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Does This Information Make Me Look Fat?

Posted @ 1:16 pm by Adam Brill | Category: Digital Marketing, SolutionSet, Web Development Process | 0 Comments

I have found the best definition of graphic design is: a visual communication that combines images, words, and ideas to convey information to an audience. So in a nutshell, my job as a graphic designer is to organize someone else’s information and make it attractive and enticing. At SolutionSet I mostly design for the World-Wide-Web or, as it is sometimes called, “The Information Superhighway.” The Internet allows us to stack layers upon layers of information and access this information anywhere and anytime; the list of things we can do with information on the web is endless.

Recently I read the book Blink: The Power of Thinking Without Thinking, by Malcolm Gladwell. This book takes a deeper look at how we use the information that we pull in from all around us to make decisions. The author is particularly interested in an idea he calls “thin-slicing.” Thin-slicing is the ability of our unconscious to make rapid decisions in a situation solely based on a very narrow ‘slice’ of that given situation. Gladwell states that in certain situations the judgments we make in a couple of seconds can be as good as or as reliable as those we reach after careful deliberation. He gives numerous examples through experiments and life stories where people made a decision based on tons of information or very minimal information. The results were very counterintuitive in a lot of these situations. He is not making a general statement regarding all cases, but in certain instances thin-slicing was more accurate because too much information can actually get in the way of making a decision.

It started me thinking on how this applies to the communication of information through design, especially when trying to introduce a brand on the web. The web gives us the ability to offer up buckets and buckets of information, and — in most cases — the more information we have, the better decision we can make. Is this correct in all situations, though? I’d have to say no. A brand is strongest when it can cause an emotional reaction as well as appeal to us analytically, especially if you are trying to start a relationship between a brand and a user. But, since the viewer may have only a few seconds before they click onto the next website, you must grab the viewer quickly on a gut level and entice him/her further into your brand. Then you can appeal to them on a more analytical level and offer more information about your brand. In order to grab the viewer at that emotional gut level, the designer must use the most simplified – yet specific communication that is based off their core understanding of the brand.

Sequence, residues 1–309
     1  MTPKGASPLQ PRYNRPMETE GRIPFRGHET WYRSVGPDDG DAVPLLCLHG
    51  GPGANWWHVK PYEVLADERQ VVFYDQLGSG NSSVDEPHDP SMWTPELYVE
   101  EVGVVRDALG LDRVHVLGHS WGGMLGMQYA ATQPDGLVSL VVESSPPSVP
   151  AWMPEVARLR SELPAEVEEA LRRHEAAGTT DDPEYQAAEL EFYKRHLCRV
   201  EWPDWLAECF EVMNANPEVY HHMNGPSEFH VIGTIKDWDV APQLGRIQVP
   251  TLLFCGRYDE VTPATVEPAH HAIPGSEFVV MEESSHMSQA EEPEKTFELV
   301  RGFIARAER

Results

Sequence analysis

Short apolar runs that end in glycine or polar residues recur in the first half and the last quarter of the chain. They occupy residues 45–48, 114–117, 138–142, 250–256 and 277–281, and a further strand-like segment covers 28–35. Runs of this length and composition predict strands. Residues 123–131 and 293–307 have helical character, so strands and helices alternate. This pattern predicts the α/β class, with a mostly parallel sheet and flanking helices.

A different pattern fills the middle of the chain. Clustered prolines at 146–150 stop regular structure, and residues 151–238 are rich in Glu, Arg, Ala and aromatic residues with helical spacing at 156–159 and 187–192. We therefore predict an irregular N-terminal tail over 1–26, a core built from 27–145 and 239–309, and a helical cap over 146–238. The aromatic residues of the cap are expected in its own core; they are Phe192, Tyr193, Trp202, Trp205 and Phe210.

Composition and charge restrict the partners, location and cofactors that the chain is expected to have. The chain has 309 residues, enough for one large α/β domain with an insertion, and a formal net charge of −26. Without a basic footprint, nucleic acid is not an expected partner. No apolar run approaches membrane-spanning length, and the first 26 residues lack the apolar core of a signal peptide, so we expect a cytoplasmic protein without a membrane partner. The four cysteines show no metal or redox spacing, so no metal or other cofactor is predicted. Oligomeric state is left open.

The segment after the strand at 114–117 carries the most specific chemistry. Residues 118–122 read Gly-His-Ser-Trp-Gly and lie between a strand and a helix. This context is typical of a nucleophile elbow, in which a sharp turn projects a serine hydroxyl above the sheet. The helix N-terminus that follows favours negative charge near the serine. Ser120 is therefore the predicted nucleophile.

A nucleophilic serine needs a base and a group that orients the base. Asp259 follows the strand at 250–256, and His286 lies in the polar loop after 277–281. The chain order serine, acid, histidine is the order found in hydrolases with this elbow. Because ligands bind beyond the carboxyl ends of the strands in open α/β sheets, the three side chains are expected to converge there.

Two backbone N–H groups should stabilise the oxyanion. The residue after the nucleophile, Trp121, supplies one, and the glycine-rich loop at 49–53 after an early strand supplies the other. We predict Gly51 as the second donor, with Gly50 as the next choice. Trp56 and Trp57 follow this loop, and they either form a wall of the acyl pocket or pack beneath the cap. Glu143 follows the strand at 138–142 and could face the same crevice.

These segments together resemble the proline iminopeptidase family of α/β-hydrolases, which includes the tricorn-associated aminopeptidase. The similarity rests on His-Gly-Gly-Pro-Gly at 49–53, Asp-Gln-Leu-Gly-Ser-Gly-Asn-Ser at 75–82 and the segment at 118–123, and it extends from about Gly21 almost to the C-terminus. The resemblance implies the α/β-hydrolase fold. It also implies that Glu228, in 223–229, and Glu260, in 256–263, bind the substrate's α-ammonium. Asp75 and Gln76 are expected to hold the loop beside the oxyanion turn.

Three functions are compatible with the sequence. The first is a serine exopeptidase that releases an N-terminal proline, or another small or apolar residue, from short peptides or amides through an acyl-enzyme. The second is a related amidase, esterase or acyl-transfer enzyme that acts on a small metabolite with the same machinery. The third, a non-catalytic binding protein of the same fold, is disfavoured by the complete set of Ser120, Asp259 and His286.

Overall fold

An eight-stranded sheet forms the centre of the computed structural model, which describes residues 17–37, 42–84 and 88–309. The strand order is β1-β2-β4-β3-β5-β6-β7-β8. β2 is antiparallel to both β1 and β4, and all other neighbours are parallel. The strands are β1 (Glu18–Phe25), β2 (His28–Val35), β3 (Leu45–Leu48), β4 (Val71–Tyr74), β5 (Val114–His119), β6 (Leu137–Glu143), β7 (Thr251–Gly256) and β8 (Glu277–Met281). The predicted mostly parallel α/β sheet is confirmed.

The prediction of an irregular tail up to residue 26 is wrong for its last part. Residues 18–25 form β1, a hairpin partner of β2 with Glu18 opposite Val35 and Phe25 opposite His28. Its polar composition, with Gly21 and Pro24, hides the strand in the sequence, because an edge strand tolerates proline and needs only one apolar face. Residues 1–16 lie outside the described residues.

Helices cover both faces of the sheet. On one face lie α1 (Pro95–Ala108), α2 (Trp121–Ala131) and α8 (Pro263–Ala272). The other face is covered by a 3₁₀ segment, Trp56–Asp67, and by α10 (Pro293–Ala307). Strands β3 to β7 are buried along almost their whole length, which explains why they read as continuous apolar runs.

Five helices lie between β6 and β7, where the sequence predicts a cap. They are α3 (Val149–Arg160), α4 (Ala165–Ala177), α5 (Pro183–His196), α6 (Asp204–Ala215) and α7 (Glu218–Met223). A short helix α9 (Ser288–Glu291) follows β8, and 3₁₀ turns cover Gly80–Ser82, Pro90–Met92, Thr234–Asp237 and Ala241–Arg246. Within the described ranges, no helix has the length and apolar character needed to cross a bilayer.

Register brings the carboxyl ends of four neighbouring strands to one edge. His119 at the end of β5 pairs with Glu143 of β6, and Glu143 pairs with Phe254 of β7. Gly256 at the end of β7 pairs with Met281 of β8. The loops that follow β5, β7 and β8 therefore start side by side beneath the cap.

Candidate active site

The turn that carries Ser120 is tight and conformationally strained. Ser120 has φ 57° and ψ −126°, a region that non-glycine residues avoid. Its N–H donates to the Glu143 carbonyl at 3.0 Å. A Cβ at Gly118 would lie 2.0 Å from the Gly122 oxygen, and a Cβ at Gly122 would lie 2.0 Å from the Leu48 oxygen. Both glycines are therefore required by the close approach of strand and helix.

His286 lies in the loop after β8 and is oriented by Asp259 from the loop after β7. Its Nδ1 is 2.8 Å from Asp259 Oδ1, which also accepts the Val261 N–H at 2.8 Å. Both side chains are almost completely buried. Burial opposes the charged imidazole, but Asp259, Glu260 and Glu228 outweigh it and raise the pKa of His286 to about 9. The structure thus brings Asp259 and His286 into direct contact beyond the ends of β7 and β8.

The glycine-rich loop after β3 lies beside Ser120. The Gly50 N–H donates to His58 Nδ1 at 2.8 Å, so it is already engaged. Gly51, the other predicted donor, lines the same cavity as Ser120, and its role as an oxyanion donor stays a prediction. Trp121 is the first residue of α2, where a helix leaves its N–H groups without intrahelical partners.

A brand is a balance of information and emotional understanding, and this is where I have found SolutionSet’s strength. We are a group of dreamers and a group of realists. We are a group of people who think in code and a group of people who think of how colors and typography can change mood. This dynamic of opposites allows for a balanced solution to a given design problem. We know when to trim the fat and when to fatten it up, and it shows in our designs.

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